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Can a centrist movement succeed?

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By Kathleen Parker
Sunday, November 28, 2010

In a political culture where moderation is the new heresy, centrism is fast becoming the new black.

Political outliers - not quite Republican, not quite Democrat - are forming new alliances in a communal search for "Home." Exhausted by extremism and aching for real change, more and more Americans are moving away from demagoguery and toward pragmatism.

Soon they may have options. A new political group, No Labels ( www.nolabels.org ), is hoping to mobilize and support a centrist political movement. Led by Republican strategist Mark McKinnon and Democratic fundraiser Nancy Jacobson, the organization has raised more than $1 million so far - and the formal launch isn't until next month. Backers include Andrew Tisch, co-chair of Loews Corp.; Ron Shaich, founder of Panera Bread; and Dave Morin, a former Facebook executive.

The group hopes to attract politicians who feel that they've lost elections for being too moderate and voters who feel homeless. There are plenty of each.

Congress's historically low approval ratings, the anti-incumbency spirit of the midterm elections and the influx of Tea Party-backed candidates - not to mention Stephen Colbert and Jon Stewart's well-attended "Rally to Restore Sanity and/or Fear" - are all testament to dissatisfaction with Washington's systemic failings.

Alas, there is little reason to hope that things will change or improve when the new Congress convenes in January. Republicans seem determined to continue their "hell no" strategy. New Tea Party legislators seem determined to fight establishment Republicans, thus diluting Republican power. Democrats aim to dig in their heels.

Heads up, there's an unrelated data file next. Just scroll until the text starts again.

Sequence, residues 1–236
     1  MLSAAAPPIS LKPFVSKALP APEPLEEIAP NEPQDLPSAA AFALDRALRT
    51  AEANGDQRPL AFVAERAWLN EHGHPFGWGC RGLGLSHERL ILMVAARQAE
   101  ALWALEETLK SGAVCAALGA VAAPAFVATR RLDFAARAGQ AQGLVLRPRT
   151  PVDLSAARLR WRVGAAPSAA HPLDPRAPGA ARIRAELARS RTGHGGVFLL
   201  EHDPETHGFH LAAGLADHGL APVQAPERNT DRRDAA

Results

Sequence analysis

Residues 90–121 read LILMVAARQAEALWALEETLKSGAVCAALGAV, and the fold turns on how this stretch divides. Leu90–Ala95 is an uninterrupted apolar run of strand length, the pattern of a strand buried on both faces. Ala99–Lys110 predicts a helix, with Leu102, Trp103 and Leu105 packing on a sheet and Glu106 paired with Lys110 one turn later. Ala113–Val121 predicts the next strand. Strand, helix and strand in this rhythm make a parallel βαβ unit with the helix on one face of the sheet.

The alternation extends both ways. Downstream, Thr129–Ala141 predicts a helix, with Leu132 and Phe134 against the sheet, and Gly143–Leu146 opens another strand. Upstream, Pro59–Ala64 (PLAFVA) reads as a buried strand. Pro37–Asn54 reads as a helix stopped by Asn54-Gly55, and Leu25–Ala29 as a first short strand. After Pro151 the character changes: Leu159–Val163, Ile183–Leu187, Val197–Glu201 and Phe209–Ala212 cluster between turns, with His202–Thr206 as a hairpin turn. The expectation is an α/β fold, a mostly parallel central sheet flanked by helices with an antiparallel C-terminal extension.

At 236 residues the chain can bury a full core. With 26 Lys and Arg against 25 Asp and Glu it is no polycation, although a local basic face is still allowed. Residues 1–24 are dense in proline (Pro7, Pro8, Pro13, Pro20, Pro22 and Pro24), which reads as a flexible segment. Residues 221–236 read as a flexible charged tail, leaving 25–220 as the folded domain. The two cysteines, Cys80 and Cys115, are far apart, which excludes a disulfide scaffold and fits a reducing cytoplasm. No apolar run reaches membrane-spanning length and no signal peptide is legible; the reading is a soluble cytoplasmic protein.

Witness recent reaction to the preliminary bipartisan fiscal reforms recommended by Erskine Bowles (Democrat) and Alan Simpson (Republican), both respected for their nonpartisan approach to problem-solving. Neither party was enthusiastic, with House Speaker Nancy Pelosi objecting most strenuously. "Hell no" isn't just for Republicans anymore.

All of which points to more gridlock.

When the porridge is either too hot or too cold, the moment for something in between is ripe. More Americans now self-identify as independent rather than Republican or Democrat, even though they may be forced by a lack of alternatives to vote in traditional ways.

But what if there were an alternative? There's little appealing about either party dominated by a base that bears little resemblance to who we are as a nation or the way most of us live our lives.

Yet moderate Democrats and moderate Republicans alike have been banished. Purged, really. Some of them have landed in the No Labels camp.

Jun Choi, a Democratic former mayor of Edison, N.J., told the Wall Street Journal he lost because he wasn't extreme enough. Maggie Hassan, a New Hampshire state senator, thinks she lost for being too moderate.


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